In 1482 William III., died childless. Niederrossla fell to Sachsen-Altenburg and belonged to the Amt Rosla including the following villages: Oberrossla, Pfiffelbach, Zottelstedt, Mattstedt, Wickerstedt, Stadtsulza, Bergsulza und Dorfsulza. taxes to the Amt Rossla had to be paid by the following villages: Sulzbach, Wormstedt, Utenbach, Pfuhlsborn, Stobra, Neustedt, Eckartsberga, Thuesdorf, Nieder- and Oberreissen, Buttstaedt, Rudersdorf, Rehehausen, Darnstedt and Rannstedt. In 1672 the line Sachsen-Altenburg died out, the territory was divided and Niederrossla came to Weimar.

In 1738 Duke Ernst August re-built the castle to a hunting lodge. The towers merlon’s were removed and the 56 meter high tower received a pointed hood. In addition a small baroque manor-house with a main-gate was built. More buildings were added later.

Later the property and landholdings were rented out. It is said that even Goethe had leased the property for 10 years. Just before the battle of Auerstedt the castle was used by the Duke of Sachsen-Weimar as his headquarter. From here he was send with his corps away from the main Prussian army.

During the first postwar years the baroque manor-house was used as the mayor’s office and refuges found a home. In 1947 the Russian occupation forces gave he order to rip down he baroque manor-house and the servants quarters. In doing so destroying a very valuable baroque building. The general decay of the castle began thereafter. It was not before the 1970’s that the reconstruction of parts of the castle begun. The west wing was re-constructed to house apartments, a gymnasium and a large kitchen. The east wing is not used.

Church in Niederrossla
With a solemn service on March 10, 2003 the church in Niederrossla was re-opened after a two year re-construction period.  After initially planning only to repair the roof of the church it was discovered that the whole church building was infested by wetness and an overall renovation had to be undertaken. The construction measures represented one of the most extensive re-building the church had to undergo since its inauguration in 1721 by Duke Ernst Wilhelm. The previous church was burned down.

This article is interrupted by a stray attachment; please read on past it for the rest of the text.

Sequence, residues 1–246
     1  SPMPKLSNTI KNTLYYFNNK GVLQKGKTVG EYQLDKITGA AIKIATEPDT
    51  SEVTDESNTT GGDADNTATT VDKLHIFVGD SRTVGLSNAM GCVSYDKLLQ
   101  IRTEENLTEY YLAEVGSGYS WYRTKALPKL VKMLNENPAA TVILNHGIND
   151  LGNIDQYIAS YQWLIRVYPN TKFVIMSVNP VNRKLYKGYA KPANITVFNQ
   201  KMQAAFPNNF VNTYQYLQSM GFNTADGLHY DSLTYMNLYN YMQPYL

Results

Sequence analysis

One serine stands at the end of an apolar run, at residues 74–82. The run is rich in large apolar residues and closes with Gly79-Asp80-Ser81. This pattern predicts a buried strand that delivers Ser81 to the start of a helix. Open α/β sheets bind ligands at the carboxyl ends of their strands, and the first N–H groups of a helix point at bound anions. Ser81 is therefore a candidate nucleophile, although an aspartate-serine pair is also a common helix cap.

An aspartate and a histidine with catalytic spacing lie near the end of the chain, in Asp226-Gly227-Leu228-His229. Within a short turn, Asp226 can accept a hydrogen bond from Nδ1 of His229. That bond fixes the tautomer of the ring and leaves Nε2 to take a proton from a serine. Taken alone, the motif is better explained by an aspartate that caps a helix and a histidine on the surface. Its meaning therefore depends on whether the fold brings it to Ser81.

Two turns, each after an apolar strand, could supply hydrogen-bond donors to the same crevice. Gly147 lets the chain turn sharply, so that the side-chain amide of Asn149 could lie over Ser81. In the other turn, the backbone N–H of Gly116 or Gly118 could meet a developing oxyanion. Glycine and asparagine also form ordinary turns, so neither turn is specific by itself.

The altar is stretching over four floors. On the first floor is the altar and the painting of Christ’s last communion before his crucifixion.

On the half-round second floor the altar is flanked by two life-sized figures. A pigeon is arranged under the canopy indicating the holy spirit. Shown is Christ with the cross, Moses and the board with the ten commandments at Mount Sinai.

The third floor shows the painting of the crucifixion of Christ and the figures of the mercy (right) and hope (left with hope anchor).

On the top we see two angels under the picture of the world-court after the return of Christ

Over this crucifix is located the Fuerstenloge showing the coat of arms of Sachsen-Weimar. Here the guests of the castle could attend church service.

On June 20/21th, 1828 the Grand Duke Carl August lay here at rest.

This is just a short description of the church, a description that can not show you the real beauty of the church.